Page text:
Make your own peace.
You can say anything you want about the world. You can say it’s beyond help. That man is more evil than good. That you never asked for the world you got. And you could be right. 
You can say anything you want about the Peace Corps. That it’s just do-gooders. That it doesn’t help peace. That it hasn’t made any difference. 
The Peace Corps isn’t disagreeing. That’s not what it’s about. 
The Peace Corps doesn’t shout, “Come make peace.” Peace doesn’t come that easy. It’s more of a separate peace. Maybe yours. No banners. No bands. No medals.
The Peace Corps might be for you if you could enjoy feeding children. Or repairing a tractor. Or teaching birth control. Or building a schoolhouse. Even if no one ends up using it. (Don’t think it hasn’t happened.)
The Peace Corps has no delusions of grandeur. Ask anyone who’s been in it. But there are enough people who come out of the Peace Corps with things they’ve learned they can’t forget. Good things.
There are more ways than you can find to help the world. The Peace Corps is just one way. It’s for someone who would rather do something. Anything. Instead of nothing.
It could be your way. 
Write The Peace Corps, Washington, D.C. 20525
Peace Corps Public Service Announcement - 1968

Make your own peace.

You can say anything you want about the world. You can say it’s beyond help. That man is more evil than good. That you never asked for the world you got. And you could be right. 

You can say anything you want about the Peace Corps. That it’s just do-gooders. That it doesn’t help peace. That it hasn’t made any difference. 

The Peace Corps isn’t disagreeing. That’s not what it’s about. 

The Peace Corps doesn’t shout, “Come make peace.” Peace doesn’t come that easy. It’s more of a separate peace. Maybe yours. No banners. No bands. No medals.

The Peace Corps might be for you if you could enjoy feeding children. Or repairing a tractor. Or teaching birth control. Or building a schoolhouse. Even if no one ends up using it. (Don’t think it hasn’t happened.)

The Peace Corps has no delusions of grandeur. Ask anyone who’s been in it. But there are enough people who come out of the Peace Corps with things they’ve learned they can’t forget. Good things.

There are more ways than you can find to help the world. The Peace Corps is just one way. It’s for someone who would rather do something. Anything. Instead of nothing.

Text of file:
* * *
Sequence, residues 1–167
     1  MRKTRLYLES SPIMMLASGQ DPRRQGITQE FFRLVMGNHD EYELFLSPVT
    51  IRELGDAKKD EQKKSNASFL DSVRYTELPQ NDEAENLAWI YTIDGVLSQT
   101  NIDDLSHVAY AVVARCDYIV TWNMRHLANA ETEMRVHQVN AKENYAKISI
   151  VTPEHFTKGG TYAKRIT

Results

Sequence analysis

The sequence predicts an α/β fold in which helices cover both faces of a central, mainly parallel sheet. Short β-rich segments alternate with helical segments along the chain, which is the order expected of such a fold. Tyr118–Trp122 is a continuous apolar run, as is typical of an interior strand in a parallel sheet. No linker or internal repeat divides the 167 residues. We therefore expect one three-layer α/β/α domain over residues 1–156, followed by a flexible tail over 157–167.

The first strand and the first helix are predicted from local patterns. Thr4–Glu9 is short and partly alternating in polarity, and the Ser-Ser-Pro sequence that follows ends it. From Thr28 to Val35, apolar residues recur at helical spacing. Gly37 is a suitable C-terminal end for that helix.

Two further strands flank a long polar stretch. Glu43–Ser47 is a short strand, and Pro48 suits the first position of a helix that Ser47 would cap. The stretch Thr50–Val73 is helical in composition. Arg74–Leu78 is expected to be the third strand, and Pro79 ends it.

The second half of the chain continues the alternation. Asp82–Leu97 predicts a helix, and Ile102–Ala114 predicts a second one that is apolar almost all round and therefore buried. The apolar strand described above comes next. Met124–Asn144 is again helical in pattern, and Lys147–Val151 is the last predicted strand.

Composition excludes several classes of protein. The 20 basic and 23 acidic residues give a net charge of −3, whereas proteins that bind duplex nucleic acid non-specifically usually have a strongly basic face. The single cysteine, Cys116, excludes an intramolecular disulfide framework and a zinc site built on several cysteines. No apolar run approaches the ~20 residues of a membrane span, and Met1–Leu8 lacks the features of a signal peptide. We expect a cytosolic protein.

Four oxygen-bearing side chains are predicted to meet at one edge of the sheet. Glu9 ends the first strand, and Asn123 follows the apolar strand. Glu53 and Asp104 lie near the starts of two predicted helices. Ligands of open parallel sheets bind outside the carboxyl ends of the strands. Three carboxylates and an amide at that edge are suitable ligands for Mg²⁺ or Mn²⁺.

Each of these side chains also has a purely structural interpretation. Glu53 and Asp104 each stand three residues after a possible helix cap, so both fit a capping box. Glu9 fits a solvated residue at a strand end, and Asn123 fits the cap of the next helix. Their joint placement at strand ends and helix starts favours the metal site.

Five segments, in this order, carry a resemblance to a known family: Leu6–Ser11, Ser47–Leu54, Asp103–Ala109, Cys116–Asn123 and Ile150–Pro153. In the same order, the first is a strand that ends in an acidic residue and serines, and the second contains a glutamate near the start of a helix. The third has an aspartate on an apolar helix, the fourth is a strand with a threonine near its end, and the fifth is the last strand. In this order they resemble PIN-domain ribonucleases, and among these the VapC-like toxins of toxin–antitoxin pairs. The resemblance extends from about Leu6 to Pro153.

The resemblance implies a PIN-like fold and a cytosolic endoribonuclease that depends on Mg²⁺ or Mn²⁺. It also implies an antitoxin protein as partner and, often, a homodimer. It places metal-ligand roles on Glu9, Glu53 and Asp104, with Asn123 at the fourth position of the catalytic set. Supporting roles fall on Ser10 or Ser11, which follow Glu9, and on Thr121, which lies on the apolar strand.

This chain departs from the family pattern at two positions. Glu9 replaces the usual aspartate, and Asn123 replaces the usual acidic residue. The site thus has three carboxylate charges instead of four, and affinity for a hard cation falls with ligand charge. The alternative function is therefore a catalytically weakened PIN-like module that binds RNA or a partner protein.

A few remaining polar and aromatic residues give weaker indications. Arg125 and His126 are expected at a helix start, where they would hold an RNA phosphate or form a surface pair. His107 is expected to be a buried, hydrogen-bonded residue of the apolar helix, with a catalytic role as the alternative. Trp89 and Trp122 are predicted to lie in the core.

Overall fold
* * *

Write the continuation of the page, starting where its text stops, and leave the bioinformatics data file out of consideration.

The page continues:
It could be your way. 

Write The Peace Corps, Washington, D.C. 20525

Peace Corps Public Service Announcement - 1968

(Source: collection.peacecorps.gov)

Peace Corps vintage design vintage public service announcement 1960s black and white typography print print PSA peace recruitement

Okay, so that’s not exactly how the conversation went in the first episode of NBC’s sitcom Community but that’s how it should have gone. 
If you are thinking about dropping out of high school (or college) to become a Peace Corps Volunteer, you should considering the following facts about Peace Corps service:
You must be at least 18 years old and a U.S. citizen. 
Approximately 90% of our Volunteer jobs require a 4-year degree. Competitive non-degree candidates must have 3–5 years full-time work experience.
Our Volunteers are placed where their skills match the needs of host countries.
We look forward to receiving Ms. Perry’s application after she finishes her time at Greendale and gets a little more relevant experience!
Learn more about what it takes in our How Do I Become a Volunteer? section

Okay, so that’s not exactly how the conversation went in the first episode of NBC’s sitcom Community but that’s how it should have gone. 

If you are thinking about dropping out of high school (or college) to become a Peace Corps Volunteer, you should considering the following facts about Peace Corps service:

  • You must be at least 18 years old and a U.S. citizen. 
  • Approximately 90% of our Volunteer jobs require a 4-year degree. Competitive non-degree candidates must have 3–5 years full-time work experience.
  • Our Volunteers are placed where their skills match the needs of host countries.

We look forward to receiving Ms. Perry’s application after she finishes her time at Greendale and gets a little more relevant experience!

Learn more about what it takes in our How Do I Become a Volunteer? section

(Source: nbc.com)

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Photo by Amy Donnelly, Boston Red Sox
Returned Peace Corps Volunteer Joe Kennedy III (Dominican Republic, 2004-2006), whose great uncle President John F. Kennedy founded the Peace Corps in 1961, throws the ceremonial first pitch prior to the Boston Red Sox/Cleveland Indians game on Friday, August 4. 

Photo by Amy Donnelly, Boston Red Sox

Returned Peace Corps Volunteer Joe Kennedy III (Dominican Republic, 2004-2006), whose great uncle President John F. Kennedy founded the Peace Corps in 1961, throws the ceremonial first pitch prior to the Boston Red Sox/Cleveland Indians game on Friday, August 4. 

(Source: photo.amyedonnelly.com)

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Sasha Cooper Morrison, a member of our Global Operations team and an RPCV from Paraguay, and Tom Balemesa, an Atlas Fellow from Uganda working for our Africa Region team, perform West African dancing that includes movements that are a combination of Guinean dances accompanied by Senegalese drums. They graciously offered their talents during a world dance party at Peace Corps HQ to help us celebrate our 50th Anniversary. 

(Source: on.fb.me)

dancing Africa West African Guinean Senegalese drums Atlas Fellows Peace Corps Peace Corps 50th Anniversary Peace Corps Headquarters